I have to mention the other Irish Nobel laureates: Ernest Walton 1951 Physics; Seán MacBride 1974 Peace; John Hume 1998 Peace; William C. Campbell 2015 Physiology or Medicine.
In my humble opinion, Ireland is truly a “Celtic Tiger”.
“Irish genealogy research is famous for being difficult, if not impossible,” says one of my favorite bloggers, Claire Santry. Her IrishGenealogyNews blog and toolkit should not be missed if you’re researching Irish family history.
However some of the confusing difficulty related to Irish research seems to have shifted from the lack of records to the overlap of record sources. What’s available where? What are the best sources for my particular situation? What’s free? What requires a subscription?
Another of my favorite bloggers, John Grenham, sheds light on this very subject–the “great mosaic of online transcripts”–in his March 26th posting. Grenham’s explanations, along with his link to Santry’s recent posting about flaws in the latest indexes, are really helpful. If I could just remember what they say when I’m researching…
Reading their advice is one thing. Seeing and hearing genealogy giants speak in person and being able to ask questions, that’s bliss!
Wouldn’t you like to be in the audience when John Grenham speaks on the mysteries of the “Valuation Office” or shares “Things You Didn’t Know About Irish Genealogy”? Or how about seeing Fiona Fitzsimons (who’s also referenced in the last line of Grenham’s latest blog)? You could hear her tips on “Irish Church Records” and “Education and Occupational Records,” with more insights on Findmypast.
Grenham, Fitzsimons and more than a dozen other renowned genealogists will be presenters at “Pathways to Our Past,” the 2018 Celtic Connections Conference (CCC) in Boston on August 10-11. Registration opened last week at the CCC website.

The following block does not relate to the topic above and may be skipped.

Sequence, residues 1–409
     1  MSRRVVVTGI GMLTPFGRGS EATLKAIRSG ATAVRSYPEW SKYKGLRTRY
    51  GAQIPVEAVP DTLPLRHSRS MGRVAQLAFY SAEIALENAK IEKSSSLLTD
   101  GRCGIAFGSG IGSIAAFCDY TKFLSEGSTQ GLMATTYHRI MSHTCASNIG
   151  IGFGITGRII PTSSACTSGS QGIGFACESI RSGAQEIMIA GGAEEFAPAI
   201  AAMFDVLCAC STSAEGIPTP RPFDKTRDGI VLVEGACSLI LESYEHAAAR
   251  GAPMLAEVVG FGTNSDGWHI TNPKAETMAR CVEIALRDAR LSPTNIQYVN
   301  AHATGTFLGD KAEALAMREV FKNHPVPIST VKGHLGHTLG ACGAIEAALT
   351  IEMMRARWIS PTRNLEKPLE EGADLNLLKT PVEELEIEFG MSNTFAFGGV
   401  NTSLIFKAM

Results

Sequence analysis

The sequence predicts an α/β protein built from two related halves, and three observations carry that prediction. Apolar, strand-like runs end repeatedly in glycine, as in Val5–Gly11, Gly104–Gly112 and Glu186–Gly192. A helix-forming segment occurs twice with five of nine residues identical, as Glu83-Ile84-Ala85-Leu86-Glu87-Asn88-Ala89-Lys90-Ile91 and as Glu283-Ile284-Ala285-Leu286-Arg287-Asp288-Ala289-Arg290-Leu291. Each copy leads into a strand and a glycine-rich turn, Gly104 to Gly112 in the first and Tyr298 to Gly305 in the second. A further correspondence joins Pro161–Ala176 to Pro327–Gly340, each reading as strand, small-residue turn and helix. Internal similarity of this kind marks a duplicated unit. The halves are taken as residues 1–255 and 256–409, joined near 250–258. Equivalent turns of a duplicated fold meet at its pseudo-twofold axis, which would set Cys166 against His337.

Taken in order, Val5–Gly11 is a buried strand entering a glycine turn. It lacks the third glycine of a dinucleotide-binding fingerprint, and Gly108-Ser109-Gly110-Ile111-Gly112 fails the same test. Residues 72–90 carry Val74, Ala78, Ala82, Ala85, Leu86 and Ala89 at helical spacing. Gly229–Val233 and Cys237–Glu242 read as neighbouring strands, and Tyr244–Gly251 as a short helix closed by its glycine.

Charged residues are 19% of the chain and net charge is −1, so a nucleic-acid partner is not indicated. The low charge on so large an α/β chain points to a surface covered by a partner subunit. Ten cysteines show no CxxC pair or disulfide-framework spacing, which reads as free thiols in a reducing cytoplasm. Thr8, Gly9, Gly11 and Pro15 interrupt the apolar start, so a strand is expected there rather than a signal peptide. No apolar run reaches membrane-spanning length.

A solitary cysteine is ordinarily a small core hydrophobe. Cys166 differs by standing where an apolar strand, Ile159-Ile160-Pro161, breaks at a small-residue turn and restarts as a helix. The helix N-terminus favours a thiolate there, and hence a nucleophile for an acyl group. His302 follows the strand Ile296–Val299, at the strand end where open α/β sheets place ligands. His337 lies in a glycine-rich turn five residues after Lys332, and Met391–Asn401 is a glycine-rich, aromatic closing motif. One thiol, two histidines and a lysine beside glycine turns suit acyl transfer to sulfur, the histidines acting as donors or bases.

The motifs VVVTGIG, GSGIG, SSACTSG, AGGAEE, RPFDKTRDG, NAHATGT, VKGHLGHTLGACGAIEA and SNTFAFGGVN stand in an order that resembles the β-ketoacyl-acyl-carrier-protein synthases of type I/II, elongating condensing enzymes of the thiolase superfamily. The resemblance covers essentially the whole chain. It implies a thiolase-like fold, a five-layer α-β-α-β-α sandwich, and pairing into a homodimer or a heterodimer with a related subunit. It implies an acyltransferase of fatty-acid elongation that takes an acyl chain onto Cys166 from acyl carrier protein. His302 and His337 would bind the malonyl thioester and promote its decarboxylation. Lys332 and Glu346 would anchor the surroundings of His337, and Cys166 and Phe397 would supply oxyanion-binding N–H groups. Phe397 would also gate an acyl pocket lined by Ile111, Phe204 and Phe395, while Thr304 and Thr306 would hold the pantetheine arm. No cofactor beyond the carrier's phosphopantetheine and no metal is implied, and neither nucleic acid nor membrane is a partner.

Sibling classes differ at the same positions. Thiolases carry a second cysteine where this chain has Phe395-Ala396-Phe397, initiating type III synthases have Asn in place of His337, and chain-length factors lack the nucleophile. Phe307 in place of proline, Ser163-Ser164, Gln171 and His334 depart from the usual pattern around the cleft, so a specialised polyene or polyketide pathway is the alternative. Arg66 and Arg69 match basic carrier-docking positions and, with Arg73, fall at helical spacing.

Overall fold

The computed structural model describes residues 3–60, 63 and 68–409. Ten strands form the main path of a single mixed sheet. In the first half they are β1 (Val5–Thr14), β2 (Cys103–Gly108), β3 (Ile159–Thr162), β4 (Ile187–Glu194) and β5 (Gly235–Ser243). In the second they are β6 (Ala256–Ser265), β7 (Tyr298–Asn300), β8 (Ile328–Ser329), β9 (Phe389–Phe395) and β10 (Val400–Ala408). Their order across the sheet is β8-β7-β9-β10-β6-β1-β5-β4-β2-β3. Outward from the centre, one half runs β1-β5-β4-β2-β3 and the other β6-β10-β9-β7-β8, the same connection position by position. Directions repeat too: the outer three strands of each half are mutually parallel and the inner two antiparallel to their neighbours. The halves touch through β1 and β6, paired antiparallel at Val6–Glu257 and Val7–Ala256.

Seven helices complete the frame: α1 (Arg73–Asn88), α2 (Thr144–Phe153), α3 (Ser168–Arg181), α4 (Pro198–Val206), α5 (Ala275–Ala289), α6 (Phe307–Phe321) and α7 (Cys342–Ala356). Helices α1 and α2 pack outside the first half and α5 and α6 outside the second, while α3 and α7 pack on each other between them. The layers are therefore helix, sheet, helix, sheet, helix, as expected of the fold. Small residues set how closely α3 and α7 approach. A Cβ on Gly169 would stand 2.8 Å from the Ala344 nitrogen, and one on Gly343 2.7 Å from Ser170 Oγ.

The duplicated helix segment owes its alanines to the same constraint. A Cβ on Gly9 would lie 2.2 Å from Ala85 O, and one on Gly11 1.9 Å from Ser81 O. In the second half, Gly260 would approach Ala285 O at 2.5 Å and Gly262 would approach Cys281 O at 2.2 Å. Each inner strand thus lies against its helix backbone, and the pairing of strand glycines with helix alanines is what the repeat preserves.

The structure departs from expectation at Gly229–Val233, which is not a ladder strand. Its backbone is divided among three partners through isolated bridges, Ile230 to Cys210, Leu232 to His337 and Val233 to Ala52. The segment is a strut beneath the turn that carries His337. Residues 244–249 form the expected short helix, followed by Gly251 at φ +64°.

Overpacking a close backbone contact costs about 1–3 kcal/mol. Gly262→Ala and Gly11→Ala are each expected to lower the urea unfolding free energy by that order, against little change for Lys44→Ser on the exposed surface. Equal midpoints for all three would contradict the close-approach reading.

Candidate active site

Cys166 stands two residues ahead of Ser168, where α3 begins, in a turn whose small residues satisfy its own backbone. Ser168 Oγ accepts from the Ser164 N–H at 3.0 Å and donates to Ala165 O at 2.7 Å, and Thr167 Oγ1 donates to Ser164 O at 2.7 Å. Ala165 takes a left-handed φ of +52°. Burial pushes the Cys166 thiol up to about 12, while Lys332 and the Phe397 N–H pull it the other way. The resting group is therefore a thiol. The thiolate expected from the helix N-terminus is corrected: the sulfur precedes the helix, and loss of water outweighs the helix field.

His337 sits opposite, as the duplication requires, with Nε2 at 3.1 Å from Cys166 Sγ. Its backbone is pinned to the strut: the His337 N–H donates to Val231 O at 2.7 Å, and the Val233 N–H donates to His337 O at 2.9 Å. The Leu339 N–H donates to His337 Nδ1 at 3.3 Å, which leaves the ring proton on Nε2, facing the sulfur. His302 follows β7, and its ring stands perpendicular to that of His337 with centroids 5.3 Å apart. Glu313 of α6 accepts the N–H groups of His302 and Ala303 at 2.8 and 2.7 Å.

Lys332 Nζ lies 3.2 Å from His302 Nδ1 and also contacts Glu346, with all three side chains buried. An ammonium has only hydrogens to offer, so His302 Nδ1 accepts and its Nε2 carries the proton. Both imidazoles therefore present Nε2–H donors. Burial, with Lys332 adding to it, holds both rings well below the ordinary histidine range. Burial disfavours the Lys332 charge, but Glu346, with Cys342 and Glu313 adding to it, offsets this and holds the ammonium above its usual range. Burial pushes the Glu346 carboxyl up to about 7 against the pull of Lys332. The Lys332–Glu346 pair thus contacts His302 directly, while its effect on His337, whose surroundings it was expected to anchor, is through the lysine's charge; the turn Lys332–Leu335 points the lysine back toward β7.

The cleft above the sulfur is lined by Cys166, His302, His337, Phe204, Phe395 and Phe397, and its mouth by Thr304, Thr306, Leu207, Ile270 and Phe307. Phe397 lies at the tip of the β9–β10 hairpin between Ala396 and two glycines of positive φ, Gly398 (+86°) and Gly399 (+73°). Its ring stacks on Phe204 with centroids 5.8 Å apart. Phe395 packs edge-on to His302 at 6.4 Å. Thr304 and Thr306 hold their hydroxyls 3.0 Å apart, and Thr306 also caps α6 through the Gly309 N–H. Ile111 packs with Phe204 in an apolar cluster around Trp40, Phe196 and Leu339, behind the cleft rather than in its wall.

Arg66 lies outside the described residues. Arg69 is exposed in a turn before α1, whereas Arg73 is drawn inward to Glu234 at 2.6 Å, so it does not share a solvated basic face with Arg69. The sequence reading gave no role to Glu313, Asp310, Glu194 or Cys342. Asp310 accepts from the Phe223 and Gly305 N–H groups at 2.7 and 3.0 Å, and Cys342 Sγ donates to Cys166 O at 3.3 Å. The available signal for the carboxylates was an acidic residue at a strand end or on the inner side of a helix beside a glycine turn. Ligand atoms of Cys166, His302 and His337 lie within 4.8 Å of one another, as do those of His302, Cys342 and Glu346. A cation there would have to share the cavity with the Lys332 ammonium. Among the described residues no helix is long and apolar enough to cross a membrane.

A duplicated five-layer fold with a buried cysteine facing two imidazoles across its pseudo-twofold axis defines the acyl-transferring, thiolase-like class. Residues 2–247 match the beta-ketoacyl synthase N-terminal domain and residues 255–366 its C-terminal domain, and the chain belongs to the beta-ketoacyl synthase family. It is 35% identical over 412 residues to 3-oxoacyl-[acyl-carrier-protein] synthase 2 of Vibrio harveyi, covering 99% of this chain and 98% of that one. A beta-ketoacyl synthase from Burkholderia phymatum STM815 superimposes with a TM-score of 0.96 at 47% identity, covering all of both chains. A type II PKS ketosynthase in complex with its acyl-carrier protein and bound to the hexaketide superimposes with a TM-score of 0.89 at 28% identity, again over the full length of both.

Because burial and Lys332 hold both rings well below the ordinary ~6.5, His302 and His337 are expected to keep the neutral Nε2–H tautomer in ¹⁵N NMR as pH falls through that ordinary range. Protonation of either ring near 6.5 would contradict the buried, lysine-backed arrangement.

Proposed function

More information about the other presenters and their topics is available on the CCC website, and we’ll highlight them in future postings here.
Registration officially opened today for Pathways to Our Past, the Celtic Connections Conference which will occur August 10-11, 2018, in Boston.
TIARA (The Irish Ancestral Research Association) and IGSI (Irish Genealogical Society International) are co-sponsoring a third Celtic Connections Conference, this time in the Boston suburb of Newton, Massachusetts.
An impressive slate of speakers from Ireland, Scotland, England, Canada and the U.S. will present lectures about Irish, Scots-Irish, Scottish and Welsh genealogy, DNA, and culture. You’ll learn about exciting new ways to discover and interpret your ancestral roots.
Each day conference participants will be able to choose from four tracks of lectures. Luncheons on Friday and Saturday, included in the registration price, feature music and storytellers. See the full listing of programs/speakers — and fun activities outside the classroom — at the CCC18 website.
The 2014 and 2016 conferences drew attendees from across the U.S. and Canada and received rave reviews. No other conference offers this focus on Celtic ancestry and heritage, or such a stellar list of international presenters. Early registration is advised.
Pathways to Our Past will take place August 10 & 11, 2018, at the Boston Marriott Newton, 2345 Commonwealth Avenue, Auburndale, MA. Specially priced lodging for conference-goers is available at the conference site. Discounted registration fee for the full conference is $225 for TIARA/IGSI members and $250 for non-members. Single-day registration for either Friday or Saturday is $120 for TIARA/IGSI members and $145 for non-members. The Early-bird discounts are available until June 4. Tickets can be purchased separately for the Thursday bus tour, Friday banquet, or Saturday trivia night.
Conference details including the conference brochure and online registration are available at the CCC18 website.